I must add, that if, inftead of our falt-fifh, ftockfish, which is dried without any fült, were provided, it would be more wholesome. The Dutcir do fo ; and also, in lieu of oatmeal, they put on board gort, which is, as I have been informed, a kind of barley ground; and is not so hot and drying as oatmeal.

I will here relate what that experienced and brave admiral, Sir Charles Wager, once told me in a difcourse I had with himn concerning the health of our seamen. He said, that one year, when he commanded our fleet in the Baltic, his failors were terribly afflicted with the fourvy: but he observed that the Dutch ships, then in company with ours, were much more free from this disease. He could impute this to nothing but their different food, which was ftock-fil and gort; whereas ours was falt-filh and oatmeal. He was then come last from the Mediterranean, and had, at Leghorn, taken in a great quantity of lemons and oranges. Recollecting, from what he had often K k 2

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hcard, how effectual these fruits were in the cure of this distemper, he ordered a cheft of each to be brought upon deck, and opened every day. The men, befides eating what they would, mixed the juice in their beer. It was also their constant diversion to pelt one another with the rinds; so that the deck was always strewed and wet with the fragrant-liquor. The happy effect was, that he brought his failors home in good health.

It is very commonly known, that, in our East-India ships returning home, the men are very much af, fected this way, and that upon their very approach to the island of St Helena, they are strangely relieved by the fresh odoriferous air ; and perfectly recovered, af: ter fome days, by eating the fruits we have mentioned, and living chiefly upon the vegetables, which kind nature has supplied that place with in profuse plenty.

What has been said may serve for a very good proof of the reasonableness of the advice given fome years ago, by our college, to the Lords of the Admiralty, viz. that a quantity of: wine-vinegar should he allowed to the company of every ship. This qualifies the falt of the food, and makes: fome amends for the want of fub-acid fruits. But I must remark, that the vinegar of strong beer has neither the flavour nor the virtue of that from wine ; and ought indeed to be forbidden our tables,

I shall conclude what I have to say with regard to feeding on herbs, in the scurvy, with a remarkable relation, contained in a book published, not many years since, by a Dutch physician, on this subject *.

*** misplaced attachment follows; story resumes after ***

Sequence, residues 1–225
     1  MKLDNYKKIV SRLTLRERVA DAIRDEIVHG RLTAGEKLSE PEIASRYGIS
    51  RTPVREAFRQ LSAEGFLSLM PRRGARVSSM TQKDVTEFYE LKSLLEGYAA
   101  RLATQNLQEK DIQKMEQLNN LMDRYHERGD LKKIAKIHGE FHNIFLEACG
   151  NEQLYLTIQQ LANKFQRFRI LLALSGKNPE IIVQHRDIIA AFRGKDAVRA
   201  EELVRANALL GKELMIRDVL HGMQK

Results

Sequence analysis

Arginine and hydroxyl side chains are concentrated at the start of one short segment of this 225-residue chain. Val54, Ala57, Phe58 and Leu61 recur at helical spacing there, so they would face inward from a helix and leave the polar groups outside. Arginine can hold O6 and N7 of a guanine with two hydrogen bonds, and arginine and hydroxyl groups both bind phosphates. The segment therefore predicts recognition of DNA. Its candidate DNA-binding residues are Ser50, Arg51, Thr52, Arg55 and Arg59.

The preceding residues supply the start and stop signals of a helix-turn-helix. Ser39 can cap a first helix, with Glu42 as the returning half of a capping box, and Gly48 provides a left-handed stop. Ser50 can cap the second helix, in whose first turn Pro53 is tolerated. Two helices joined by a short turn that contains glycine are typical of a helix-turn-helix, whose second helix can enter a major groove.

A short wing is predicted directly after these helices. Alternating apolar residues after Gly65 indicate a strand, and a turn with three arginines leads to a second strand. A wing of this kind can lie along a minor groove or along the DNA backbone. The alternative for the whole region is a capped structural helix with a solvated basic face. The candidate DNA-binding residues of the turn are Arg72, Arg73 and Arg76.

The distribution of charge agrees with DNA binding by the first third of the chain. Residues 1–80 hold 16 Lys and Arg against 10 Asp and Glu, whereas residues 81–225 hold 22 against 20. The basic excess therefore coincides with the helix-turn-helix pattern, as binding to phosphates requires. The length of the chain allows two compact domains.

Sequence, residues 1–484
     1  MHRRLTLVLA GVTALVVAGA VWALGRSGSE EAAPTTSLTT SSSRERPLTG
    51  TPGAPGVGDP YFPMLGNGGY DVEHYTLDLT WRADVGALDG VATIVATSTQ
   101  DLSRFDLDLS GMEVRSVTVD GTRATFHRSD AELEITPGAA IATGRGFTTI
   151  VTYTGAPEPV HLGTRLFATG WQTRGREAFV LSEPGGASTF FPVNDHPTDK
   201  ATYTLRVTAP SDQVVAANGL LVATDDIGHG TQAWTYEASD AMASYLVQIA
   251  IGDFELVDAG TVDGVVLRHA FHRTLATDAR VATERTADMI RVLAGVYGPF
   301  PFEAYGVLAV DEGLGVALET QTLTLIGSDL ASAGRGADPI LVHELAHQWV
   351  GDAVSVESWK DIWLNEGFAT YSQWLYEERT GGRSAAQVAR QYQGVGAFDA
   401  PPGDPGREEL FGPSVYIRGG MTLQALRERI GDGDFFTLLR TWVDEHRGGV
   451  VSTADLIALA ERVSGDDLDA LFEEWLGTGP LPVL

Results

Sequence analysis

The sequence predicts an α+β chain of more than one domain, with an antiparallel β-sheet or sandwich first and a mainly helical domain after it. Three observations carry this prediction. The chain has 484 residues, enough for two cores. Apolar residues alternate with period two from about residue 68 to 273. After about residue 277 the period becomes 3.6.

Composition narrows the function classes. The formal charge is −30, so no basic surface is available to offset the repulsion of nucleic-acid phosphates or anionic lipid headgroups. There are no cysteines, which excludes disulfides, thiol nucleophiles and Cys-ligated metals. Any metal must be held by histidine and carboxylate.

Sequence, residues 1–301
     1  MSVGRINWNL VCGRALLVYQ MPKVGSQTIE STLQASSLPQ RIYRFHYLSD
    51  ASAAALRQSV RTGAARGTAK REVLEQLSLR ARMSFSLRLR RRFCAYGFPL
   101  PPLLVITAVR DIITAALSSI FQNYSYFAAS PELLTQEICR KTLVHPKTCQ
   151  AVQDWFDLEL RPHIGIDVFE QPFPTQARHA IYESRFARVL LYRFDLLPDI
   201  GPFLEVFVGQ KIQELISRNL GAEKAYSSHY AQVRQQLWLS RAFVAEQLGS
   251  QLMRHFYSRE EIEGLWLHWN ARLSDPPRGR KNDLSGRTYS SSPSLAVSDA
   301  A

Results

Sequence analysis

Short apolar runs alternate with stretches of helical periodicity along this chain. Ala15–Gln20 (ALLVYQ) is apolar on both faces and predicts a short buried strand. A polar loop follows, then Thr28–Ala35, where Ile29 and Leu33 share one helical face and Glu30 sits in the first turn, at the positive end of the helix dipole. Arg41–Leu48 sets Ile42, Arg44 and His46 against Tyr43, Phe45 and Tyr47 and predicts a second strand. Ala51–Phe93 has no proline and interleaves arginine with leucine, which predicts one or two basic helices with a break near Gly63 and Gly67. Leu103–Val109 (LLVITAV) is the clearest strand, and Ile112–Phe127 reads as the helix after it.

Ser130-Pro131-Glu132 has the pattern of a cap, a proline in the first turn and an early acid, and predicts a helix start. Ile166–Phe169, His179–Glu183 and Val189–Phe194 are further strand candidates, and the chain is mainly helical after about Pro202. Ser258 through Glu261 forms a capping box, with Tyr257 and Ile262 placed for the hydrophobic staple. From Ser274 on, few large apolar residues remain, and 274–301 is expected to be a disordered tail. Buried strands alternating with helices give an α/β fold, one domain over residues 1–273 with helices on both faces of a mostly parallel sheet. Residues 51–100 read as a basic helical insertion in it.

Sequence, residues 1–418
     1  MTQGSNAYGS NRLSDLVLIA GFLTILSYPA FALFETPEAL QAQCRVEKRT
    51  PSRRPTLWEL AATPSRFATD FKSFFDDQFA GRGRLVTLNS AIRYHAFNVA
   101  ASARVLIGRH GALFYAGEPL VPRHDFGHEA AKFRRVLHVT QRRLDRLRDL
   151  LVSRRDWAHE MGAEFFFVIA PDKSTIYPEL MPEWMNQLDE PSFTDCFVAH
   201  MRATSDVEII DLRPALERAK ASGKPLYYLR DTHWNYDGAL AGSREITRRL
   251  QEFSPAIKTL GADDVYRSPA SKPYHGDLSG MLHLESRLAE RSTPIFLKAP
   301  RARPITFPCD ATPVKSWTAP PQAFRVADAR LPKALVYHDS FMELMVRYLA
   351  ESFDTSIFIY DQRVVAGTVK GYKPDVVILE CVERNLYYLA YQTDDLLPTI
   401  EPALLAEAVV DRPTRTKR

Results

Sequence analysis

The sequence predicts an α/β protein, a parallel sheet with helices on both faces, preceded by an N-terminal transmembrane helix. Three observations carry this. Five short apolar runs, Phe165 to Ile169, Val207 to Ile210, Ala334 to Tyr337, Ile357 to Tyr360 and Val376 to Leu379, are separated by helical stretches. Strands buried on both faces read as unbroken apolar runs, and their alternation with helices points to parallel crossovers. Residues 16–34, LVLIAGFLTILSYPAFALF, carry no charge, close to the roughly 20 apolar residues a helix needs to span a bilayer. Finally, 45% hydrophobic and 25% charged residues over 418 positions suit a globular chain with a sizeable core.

* Observationes circa fcorbutam, auctore Johanne Pred. Bachitrom. Lugduni Pitavor. 1734. 12mo. p. 8.

A failor, in one of the Greenland ships, was fo entirely. broken and disabled by this disease, that his companions, when the fishing was over, put him into a boat, and sent him ashore ; leaving him there to perish, without the least expectation of a recovery. The poor wretch had quite lost the use of his limbs; he could only crawl about upon the ground: this he found covered with a plant, which, having nothing else to support life, he, continually grasing like a beast of the field, plucked up with his teeth. Every country is, by the bounty of Providence, provided with antidotes against the diseases to which its inhabitants are chiefly liable. In a short time, he was by this means perfectly recovered to his strength, and, after his return home, related the fact to this writer. It was soon after observed, that this herb was cochlearia, or fcurvy-grass, Some of it was, for inquiry's fake, brought over hither in pots, and was found to be fomewhat different from that of our country, being more mild, and not fo pungent and sharp.

Thus much for the vegetable diet. I must add, that besides the herbs and fruits mentioned, there are many others very wholesome in this disease : fome like cochlearia, of a subtile and volatile juice, as the nafturtium, beccabunga, or brooklime ; others more cooling, and therefore more proper in hot constitutions, or feverish heats, as forrel, endive, lettuce, purslain, &c. And, indeed, I think it will be best to join in use the hotter with the colder, that they may qualify each other ; especially, because the acid fruits were found, in Lord Anfou's voyage, to be of most extraordinary benefit *. * See voyage, p. 117. and also 3c8.